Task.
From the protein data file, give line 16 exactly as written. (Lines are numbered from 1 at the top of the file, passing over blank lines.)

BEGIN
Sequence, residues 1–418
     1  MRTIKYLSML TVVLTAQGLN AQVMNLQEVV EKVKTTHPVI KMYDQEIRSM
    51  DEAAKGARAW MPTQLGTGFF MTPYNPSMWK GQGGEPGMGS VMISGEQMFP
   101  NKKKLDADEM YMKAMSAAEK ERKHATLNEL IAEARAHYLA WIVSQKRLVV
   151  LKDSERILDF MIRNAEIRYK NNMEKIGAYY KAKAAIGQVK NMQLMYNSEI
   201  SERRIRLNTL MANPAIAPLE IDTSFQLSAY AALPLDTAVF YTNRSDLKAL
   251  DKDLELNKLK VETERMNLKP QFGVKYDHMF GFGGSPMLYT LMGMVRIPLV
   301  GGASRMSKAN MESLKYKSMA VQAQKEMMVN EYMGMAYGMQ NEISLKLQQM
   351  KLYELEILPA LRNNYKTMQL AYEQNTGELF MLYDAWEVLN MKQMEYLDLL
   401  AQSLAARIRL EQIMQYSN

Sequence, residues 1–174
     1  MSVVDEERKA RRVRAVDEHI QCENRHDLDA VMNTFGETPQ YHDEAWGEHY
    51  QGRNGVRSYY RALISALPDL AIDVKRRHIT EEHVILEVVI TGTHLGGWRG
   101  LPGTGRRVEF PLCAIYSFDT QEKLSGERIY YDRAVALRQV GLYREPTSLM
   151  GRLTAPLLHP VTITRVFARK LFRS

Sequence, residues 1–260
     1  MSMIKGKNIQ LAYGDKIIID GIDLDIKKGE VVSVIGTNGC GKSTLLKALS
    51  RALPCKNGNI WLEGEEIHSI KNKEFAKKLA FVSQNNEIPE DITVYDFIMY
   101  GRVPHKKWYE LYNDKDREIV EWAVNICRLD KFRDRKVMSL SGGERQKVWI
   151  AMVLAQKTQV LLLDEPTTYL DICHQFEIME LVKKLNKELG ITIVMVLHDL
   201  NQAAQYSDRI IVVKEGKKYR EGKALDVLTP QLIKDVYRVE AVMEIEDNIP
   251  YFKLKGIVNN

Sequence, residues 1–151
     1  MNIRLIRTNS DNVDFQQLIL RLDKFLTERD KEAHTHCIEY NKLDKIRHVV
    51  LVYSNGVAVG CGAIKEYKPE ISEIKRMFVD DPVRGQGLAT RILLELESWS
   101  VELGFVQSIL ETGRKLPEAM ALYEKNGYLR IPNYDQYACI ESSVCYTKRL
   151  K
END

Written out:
Sequence, residues 1–260